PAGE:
Scientists have developed and successfully implanted brain prosthetics that can improve a person’s short term memory, an advance that may help manage neurodegenerative diseases such as Alzheimer.
Researchers at Wake Forest Baptist Medical Center and the University of Southern California (USC) in the US showed that the prosthetic system uses a person’s own memory patterns to facilitate the brain’s ability to encode and recall memory.
In the study published in the Journal of Neural Engineering, participants’ short-term memory performance showed a 35 to 37 per cent improvement over baseline measurements. scientists have been able to identify a patient’s own brain cell code or pattern for memory and, in essence, ‘write in’ that code to make existing memory work better, an important first step in potentially restoring memory loss.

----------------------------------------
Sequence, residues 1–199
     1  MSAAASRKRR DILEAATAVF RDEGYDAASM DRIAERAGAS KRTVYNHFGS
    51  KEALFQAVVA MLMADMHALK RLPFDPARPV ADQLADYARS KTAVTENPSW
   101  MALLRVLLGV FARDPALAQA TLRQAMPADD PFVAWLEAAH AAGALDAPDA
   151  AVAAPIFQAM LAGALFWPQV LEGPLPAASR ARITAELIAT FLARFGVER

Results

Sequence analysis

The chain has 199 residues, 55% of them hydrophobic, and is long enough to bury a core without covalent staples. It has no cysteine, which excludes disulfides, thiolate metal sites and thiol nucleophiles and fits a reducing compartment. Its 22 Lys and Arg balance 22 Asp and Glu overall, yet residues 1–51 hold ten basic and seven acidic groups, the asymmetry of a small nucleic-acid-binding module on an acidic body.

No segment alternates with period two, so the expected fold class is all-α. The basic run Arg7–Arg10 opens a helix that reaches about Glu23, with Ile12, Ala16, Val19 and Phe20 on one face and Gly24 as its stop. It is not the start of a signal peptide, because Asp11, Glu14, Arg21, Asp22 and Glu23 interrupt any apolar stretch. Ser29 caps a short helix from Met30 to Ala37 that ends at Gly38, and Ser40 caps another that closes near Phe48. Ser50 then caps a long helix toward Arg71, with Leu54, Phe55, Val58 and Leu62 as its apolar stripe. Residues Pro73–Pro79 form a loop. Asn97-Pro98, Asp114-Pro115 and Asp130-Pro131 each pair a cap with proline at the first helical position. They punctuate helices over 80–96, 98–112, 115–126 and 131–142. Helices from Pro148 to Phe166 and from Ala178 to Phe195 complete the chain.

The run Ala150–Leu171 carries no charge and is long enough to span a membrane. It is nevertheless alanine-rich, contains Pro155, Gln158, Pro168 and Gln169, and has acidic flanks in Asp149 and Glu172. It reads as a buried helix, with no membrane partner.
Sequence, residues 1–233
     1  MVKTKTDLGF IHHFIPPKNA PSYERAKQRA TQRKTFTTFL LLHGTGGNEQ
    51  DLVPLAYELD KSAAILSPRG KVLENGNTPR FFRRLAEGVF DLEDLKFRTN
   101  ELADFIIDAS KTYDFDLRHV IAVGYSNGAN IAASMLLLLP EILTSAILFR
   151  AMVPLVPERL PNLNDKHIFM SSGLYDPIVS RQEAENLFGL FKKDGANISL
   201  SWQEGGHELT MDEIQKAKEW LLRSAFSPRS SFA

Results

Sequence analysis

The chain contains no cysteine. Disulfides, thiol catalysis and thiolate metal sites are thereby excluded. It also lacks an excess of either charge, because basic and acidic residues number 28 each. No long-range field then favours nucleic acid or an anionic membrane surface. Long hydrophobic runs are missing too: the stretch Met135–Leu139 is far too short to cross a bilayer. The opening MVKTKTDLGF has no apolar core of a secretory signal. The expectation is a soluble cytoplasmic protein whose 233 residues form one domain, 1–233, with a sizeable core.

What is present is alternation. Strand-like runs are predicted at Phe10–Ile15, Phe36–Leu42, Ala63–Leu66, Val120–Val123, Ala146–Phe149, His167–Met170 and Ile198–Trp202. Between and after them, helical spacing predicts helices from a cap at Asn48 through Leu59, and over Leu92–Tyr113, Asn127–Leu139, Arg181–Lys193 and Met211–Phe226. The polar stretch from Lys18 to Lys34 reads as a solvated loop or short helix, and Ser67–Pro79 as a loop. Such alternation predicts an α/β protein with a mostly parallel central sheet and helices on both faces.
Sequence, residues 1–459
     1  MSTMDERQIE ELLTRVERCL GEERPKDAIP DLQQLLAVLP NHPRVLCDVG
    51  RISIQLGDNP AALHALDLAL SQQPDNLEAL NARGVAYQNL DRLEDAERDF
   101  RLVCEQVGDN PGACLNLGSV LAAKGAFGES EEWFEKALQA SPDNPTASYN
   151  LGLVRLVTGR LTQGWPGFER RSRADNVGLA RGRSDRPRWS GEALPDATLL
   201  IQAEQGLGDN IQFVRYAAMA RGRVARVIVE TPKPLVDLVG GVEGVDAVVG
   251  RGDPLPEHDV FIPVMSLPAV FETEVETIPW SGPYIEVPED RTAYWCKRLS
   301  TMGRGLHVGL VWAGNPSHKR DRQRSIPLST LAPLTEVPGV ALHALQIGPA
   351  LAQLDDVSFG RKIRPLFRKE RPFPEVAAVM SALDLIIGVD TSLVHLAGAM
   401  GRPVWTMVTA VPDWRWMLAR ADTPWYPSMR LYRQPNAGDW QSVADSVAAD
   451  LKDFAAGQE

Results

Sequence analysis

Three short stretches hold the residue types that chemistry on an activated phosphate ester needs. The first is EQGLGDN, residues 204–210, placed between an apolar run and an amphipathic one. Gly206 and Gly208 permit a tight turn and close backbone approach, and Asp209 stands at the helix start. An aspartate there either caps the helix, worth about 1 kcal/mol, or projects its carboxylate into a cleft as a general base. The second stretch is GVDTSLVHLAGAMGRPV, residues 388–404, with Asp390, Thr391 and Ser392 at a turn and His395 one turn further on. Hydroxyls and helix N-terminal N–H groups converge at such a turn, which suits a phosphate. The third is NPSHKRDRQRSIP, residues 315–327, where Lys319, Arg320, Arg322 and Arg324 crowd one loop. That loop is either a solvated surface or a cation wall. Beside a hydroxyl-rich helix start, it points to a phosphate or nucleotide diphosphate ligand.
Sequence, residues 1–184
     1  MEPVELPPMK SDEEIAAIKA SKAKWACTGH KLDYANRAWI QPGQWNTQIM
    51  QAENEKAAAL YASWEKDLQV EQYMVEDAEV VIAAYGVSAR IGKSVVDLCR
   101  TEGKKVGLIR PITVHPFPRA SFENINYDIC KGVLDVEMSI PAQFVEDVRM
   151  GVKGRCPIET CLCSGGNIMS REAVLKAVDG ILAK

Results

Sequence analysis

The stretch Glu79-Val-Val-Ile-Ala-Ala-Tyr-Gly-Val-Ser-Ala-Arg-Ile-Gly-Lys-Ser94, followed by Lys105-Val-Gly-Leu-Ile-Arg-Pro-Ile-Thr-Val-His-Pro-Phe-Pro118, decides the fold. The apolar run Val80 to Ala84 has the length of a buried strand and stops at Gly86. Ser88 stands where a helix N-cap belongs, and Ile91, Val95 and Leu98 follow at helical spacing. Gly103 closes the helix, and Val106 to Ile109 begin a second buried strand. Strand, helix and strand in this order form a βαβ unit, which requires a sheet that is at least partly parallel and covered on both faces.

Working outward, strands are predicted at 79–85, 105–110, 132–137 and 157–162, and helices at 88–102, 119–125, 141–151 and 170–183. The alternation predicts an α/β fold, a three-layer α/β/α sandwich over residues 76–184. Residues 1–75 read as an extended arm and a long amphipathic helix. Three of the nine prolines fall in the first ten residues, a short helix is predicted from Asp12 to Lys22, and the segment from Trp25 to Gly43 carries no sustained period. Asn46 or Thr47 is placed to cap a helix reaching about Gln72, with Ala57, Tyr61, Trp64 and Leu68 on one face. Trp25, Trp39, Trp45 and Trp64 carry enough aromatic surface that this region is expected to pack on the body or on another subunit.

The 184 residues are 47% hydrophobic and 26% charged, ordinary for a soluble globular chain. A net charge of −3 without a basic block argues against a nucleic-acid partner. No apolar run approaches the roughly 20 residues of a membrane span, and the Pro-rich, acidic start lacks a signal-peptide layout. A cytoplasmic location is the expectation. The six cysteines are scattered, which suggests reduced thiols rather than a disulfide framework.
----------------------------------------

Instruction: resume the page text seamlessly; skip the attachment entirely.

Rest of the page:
The study focused on improving episodic memory, which is the most common type of memory loss in people with Alzheimer’s disease, stroke and head injury.
FROM AWARD-WINNING AUTHOR DR GOVIND SHUKLA, NUTRITION EXPERT
Govind Shukla, Specializes in Pharmacology, Toxicology, Nutraceuticals & Herbal Drugs has published More than 100 research papers in National & International Journals. He is also a reviewer of International Journal of Pharmacology & pharmacotherapeutics, Chief editor of IJPNR Journal & Freelance Medical Writer for Different publication Groups including Lambert Academic Publishing Saarbrucken, Germany.